BARTHOLOMAEUS SPRANGER (Antwerp 1546 – 1611 Prague)
“The Flagellation of Christ”
Dated by Dr. Thomas DaCosta Kaufmann to 1575-80, when Spranger was in Vienna and was working for the Emperor Maximilian II and after his death for his son, Emperor Rudolf II.
Oil on copper
8.9 x 6.7 inches / 22.5 x 17 cm
Bartholomaeus Spranger was a painter of landscapes, portraits, allegorical and mythological scenes, and according to contemporary sources, still-life, genre and even kitchen scenes. He was the son of Joachim Spranger, a wealthy merchant in Antwerp, where he first trained in the workshop of Jan Mandijn, a follower of Hieronymous Bosch. He later was a pupil of the landscape painters Frans Mostaert and Cornelis van Dalem. In addition he studied the refined style of mannerism, copying human figures from engravings after paintings by the mannerist painters Frans Floris and Parmigianino. While still very young, he set out for Italy, passing through Fontainbleau and Lyon. He spent a few months in Paris in the studio of Marc Duval, the painter to the court of the Queen Mother, Jeanne d’Albret, and a pupil of the miniaturist, G. Clovio. He then traveled on to Milan, where he spent the winter of 1565/66 studying fresco painting. He first worked in Parma with Jacopo Bertoia and Bernardino Campi. There he absorbed the lessons of the Emilian tradition of painting by observing the works of Parma’s greatest artists, Correggio and Parmigianino.
By July 1566 Spranger was in Rome, where he first set up a workshop with Michel Jonquoy, a Flemish artist from Tournai. He met Giulio Clovio, who introduced him to Cardinal Farnese, who provided Spranger with lodging in the Palazzo di Cancellaria. In addition to working for Cardinal Farnese in Rome, Spranger assisted Federico Zuccaro in the decoration of the Villa Farnese in Caprarola, where he painted landscape frescoes. Pope Pius V was his patron from 1570-72, appointing him papal painter and giving him quarters in the Vatican. He was also closely associated with the great sculptor Giambologna in Florence. During these years in Rome Spranger is known to have produced paintings and frescoes for many patrons, although most are now known only through literary descriptions and engravings.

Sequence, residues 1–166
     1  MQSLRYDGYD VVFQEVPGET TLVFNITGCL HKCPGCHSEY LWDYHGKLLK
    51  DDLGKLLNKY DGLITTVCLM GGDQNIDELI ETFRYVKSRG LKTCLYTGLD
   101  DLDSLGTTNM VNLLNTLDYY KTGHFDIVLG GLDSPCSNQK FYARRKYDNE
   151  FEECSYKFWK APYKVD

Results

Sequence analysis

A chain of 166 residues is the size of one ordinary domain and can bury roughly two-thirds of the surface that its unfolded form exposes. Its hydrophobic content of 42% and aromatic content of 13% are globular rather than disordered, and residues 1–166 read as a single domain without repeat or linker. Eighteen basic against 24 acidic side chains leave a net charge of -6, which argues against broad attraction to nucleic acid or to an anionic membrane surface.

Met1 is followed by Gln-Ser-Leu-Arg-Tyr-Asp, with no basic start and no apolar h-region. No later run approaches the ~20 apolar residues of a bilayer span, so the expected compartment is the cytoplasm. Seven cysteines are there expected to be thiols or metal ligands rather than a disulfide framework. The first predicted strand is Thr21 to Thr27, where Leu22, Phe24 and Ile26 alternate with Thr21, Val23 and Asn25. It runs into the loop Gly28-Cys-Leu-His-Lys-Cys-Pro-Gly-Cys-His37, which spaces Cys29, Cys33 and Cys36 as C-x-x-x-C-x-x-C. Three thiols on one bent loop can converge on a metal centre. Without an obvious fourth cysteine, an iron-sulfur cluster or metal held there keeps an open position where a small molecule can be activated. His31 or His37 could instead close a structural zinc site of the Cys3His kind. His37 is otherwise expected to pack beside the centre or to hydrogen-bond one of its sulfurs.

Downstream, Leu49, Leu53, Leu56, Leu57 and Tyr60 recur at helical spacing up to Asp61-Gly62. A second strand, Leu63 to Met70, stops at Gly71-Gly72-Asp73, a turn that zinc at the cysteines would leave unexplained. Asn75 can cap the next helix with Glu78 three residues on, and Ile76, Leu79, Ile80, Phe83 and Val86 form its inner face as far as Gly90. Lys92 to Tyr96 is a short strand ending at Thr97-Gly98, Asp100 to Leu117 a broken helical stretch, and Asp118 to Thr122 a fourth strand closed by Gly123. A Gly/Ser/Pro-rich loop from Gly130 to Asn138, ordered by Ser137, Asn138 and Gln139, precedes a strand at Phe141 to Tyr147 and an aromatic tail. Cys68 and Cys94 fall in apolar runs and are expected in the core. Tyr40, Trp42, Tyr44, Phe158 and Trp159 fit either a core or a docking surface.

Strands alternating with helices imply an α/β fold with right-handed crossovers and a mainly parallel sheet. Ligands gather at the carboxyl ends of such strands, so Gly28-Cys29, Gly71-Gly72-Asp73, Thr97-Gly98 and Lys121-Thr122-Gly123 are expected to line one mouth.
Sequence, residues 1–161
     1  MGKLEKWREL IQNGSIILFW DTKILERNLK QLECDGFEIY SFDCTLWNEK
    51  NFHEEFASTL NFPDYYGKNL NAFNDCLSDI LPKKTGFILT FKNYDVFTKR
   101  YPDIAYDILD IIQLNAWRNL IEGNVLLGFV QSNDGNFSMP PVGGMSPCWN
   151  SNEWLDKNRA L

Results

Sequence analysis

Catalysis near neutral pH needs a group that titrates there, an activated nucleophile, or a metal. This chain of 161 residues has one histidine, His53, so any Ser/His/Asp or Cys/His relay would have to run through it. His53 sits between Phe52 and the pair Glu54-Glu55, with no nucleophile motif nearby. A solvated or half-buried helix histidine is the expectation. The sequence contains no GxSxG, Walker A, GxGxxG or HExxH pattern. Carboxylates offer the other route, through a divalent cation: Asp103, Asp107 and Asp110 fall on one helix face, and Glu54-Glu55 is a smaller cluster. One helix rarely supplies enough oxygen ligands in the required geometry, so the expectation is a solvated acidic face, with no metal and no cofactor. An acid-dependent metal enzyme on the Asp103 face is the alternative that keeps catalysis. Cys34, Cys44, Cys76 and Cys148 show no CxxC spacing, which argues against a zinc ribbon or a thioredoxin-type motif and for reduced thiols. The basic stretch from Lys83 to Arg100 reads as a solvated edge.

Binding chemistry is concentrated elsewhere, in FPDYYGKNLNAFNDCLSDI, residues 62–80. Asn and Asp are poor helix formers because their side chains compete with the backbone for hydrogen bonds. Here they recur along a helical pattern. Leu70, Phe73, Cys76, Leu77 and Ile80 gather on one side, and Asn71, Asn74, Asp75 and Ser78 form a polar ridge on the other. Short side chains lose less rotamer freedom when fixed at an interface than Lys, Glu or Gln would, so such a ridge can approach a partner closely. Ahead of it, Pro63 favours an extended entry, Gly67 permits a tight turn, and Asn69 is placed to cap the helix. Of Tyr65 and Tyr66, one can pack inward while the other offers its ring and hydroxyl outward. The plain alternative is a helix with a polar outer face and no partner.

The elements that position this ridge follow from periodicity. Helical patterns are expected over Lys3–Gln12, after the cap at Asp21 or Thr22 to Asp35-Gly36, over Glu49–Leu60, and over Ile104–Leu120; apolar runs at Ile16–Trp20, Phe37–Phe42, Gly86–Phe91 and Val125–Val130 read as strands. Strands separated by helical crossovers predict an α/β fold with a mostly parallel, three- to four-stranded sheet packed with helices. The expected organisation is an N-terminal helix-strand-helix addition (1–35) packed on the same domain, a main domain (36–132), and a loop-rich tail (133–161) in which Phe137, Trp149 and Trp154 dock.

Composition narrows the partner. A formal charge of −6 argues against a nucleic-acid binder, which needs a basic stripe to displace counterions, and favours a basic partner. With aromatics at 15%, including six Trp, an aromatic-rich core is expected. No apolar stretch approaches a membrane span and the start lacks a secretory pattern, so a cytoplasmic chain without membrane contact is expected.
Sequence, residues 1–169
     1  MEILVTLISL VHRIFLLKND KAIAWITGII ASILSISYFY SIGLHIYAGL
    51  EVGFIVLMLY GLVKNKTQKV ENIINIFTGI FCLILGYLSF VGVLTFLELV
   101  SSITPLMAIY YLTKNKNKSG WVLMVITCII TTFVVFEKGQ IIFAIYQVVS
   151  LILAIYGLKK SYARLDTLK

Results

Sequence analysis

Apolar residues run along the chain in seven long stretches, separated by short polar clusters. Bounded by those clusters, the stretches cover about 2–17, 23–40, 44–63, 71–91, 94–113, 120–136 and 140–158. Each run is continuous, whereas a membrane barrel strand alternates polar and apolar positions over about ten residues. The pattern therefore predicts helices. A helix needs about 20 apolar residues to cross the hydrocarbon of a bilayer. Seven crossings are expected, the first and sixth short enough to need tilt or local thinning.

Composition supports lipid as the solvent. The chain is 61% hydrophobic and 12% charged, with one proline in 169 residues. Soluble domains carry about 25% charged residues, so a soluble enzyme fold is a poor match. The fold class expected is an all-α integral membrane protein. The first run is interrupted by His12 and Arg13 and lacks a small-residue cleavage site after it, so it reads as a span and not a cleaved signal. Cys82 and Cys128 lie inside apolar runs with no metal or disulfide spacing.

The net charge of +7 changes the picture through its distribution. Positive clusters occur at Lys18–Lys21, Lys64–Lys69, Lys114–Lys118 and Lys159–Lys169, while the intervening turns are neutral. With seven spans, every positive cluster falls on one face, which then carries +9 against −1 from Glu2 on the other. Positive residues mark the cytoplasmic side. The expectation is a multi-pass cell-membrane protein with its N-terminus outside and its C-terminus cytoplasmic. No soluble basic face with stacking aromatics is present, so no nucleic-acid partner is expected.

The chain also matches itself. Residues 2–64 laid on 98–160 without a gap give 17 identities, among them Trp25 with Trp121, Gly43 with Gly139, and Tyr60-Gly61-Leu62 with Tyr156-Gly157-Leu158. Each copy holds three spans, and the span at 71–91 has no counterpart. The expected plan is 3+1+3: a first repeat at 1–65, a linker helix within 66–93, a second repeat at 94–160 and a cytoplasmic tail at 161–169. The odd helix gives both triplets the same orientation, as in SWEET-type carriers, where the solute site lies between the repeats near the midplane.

In 1575 Giambologna, introduced Spranger and the sculptor Hans Mont to Emperor Maximilian II’s court in Vienna. Both artists spent ten months decorating the Neugebäude in the Fasanengarten near Vienna. Although most of Spranger’s work from this time has been lost or destroyed, the Resurrection of 1576, now in the National Museum, Prague, which was painted for Emperor Maximilian, shows his work of the period was of great significance in that it revealed a truly international Mannerist style that would characterized 16th century art throughout Europe. After Maximilian’s death in 1576, Spranger continued to work for his son and heir, Rudolf II. Records show that he painted three works for Rudolf– a Virgin and an Allegory of Rome, and a Mercury Leading Psyche into Olympus, the locations of all of which are unknown. He collaborated with Mont and Karel van Mander on decorations for the Emperor’s triumphal entry into Vienna in 1577.
In 1580 Spranger traveled to Prague in 1580 where he was appointed court painter. In 1584 he became a member of the order of painters of the city’s Kleinseite district, and Rudolph II made him “Painter by royal appointment”. In 1585 he bought a house in the Kleinseite, and in 1588 the Emperor granted him a coat of arms and a triple gold chain. In 1601 the emperor gave Spranger permission to work at home, since prior to then he had not been permitted to accept private commissions. In 1602 Hans von Aachen became his neighbor and the two artists traveled to Dresden, Cologne, Amsterdam, Haarlem and Antwerp. Spranger died in Prague in 1611.
Spranger’s great contribution was in uniting the more naturalistic or realistic art of the Netherlands with the mannerist style he had absorbed during his stay in Italy and then taking his unique style to the courts of Vienna and Prague. The truly international mannerist style that resulted was both learned and sensual. Bright almost eccentric color harmonies and mannerist compositional style characterize Spranger’s work.
The small copper “Flagellation of Christ”, which Dr. Thomas Da Costa Kaufmann believes to have been painted between 1575 and 1580, while Spranger was working at the court in Vienna for the Emperors Maximilian II and later Rudolph II, reveals Spranger’s style at its best. As can be seen in our small copper, his style was truly international in nature, for he absorbed a great deal from each of the varied artistic experiences he encountered as he traveled from Antwerp through France, to Italy and ultimately to Vienna and Prague. He developed his own unique and very personal style of painting. His use of color was particularly exceptional. The seductive, sensual, and often erotic nature of his work was heightened by his unusual color range, in which he contrasted acid tones with softer half-tones. By choosing extreme color combinations his works were enlivened and made appealing to his sophisticated courtly patrons. His mannered elegant figural style of graceful, softly modeled human forms reveal his debt to Emilian painting. Some of the compositional devices he used, such as his fondness for showing figures from the back derive from the Zuccari. The use of dramatic contrapposto and serpentine figural poses reflect his awareness of the work of Giulio Clovio, the “Michelangelo in Miniature,” as Vasari called him, as well as his firsthand experience with the work of Michelangelo in Rome and Florence. Spranger’s figural groupings which are very often truly sculptural in nature reveal his enormous debt to Giambologna.